Consider a scenario in which Australia was making a contribution to coalition operations against a state with competent Special Forces or proxy forces.  Suppose that the latter were to insert a modest force to seize buildings in an Australian regional coastal city (landing a force from a fishing or small merchant vessel is not especially challenging). Such a seizure would be likely to provoke huge public alarm, political disruption and potentially divert a significant portion of Army forces—an impact available at modest cost. While ‘raids’ seem unlikely, they have been considered one of the most plausible threats since 1901 and were the basis for ADF planning in the 1980s. Opportunity increases probability.   

Onshore or offshore, urban seizure presents a serious political and military challenge. A responding force will suffer heavy casualties unless it can protect its advancing soldiers. The only significant protective measure currently available is explosive firepower. If firepower is used, there will be casualties among any civilians present. Adversaries therefore present political and military leaders with the brutal dilemma of trading off their own casualties against civilian casualties. The reputational risk for the ADF in responding to a seizure, or indeed future urban fight, is acute, as the Australian public has come to expect a degree of discrimination that’s unlikely to be possible. We need contingency planning and policy debate to address the likelihood that asymmetric adversaries will learn to ‘seize, defy and discredit’. Measures include:

  • Whole-of-government capacity to enable and encourage populations to leave cities during armed conflict.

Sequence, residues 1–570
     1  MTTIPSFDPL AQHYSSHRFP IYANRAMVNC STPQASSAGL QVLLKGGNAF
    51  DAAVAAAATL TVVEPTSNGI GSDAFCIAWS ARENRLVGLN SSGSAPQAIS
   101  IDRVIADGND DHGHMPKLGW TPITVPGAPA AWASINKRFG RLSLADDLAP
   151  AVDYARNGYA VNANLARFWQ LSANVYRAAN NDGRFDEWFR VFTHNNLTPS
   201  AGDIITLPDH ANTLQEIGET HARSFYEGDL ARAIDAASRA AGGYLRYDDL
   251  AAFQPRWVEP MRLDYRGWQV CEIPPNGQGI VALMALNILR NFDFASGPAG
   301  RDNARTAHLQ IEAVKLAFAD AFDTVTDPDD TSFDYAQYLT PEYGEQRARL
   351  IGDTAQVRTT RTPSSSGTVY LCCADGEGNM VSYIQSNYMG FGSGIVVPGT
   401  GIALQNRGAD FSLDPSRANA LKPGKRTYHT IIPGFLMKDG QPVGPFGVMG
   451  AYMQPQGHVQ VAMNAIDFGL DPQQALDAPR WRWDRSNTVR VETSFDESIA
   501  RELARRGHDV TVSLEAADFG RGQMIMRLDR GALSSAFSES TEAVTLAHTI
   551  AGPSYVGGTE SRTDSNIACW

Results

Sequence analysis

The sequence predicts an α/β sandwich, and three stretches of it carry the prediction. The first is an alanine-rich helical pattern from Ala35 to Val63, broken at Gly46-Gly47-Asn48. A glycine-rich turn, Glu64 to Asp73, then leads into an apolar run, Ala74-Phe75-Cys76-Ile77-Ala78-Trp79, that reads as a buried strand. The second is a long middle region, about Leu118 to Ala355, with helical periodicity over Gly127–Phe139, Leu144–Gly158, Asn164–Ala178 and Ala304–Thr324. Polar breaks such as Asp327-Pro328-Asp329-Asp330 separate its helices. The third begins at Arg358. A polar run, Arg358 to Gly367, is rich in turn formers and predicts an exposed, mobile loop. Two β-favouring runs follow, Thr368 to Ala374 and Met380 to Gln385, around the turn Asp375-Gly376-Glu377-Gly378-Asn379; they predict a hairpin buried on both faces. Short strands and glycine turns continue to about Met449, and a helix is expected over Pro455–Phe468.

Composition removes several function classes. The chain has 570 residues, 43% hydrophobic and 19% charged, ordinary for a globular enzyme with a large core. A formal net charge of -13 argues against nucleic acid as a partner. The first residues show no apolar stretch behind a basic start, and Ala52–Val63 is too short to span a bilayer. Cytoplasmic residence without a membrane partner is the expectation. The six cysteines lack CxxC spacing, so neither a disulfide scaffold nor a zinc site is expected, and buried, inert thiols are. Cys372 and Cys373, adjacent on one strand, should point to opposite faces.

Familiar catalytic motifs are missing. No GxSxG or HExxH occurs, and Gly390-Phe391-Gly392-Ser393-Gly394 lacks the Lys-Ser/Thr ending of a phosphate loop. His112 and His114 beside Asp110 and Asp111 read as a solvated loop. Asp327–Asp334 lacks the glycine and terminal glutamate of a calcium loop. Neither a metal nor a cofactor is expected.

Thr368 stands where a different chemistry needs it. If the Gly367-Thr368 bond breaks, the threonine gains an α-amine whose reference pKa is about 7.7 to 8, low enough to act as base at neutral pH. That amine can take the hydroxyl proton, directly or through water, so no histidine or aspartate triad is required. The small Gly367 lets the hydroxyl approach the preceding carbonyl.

• Acquiring capabilities that reduce risks to soldiers and civilians during urban combat operations. These include unmanned ‘robots’, smoke systems and special weapons that breach walls or attack targets inside buildings with reduced collateral damage.
  • Fielding an Australian Army combat engineering entity that is able to conduct unmanned combat search and clear operations in an urban environment in support of our own or friendly nations’ operations.

Such capabilities would mitigate political and military risk while increasing response options in a range of crises. While superficially specialist, most of the systems involved have wider utility. They generally involve well proven technologies that are well within the scope of Australian industry to produce, and at modest cost. This, and the insights that lead to our recommendations, are discussed in more detail in our major report for ASPI here.

The views expressed in this article and subsequent comments are those of the author(s) and do not necessarily reflect the official policy or position of the Australian Army, the Department of Defence or the Australian Government.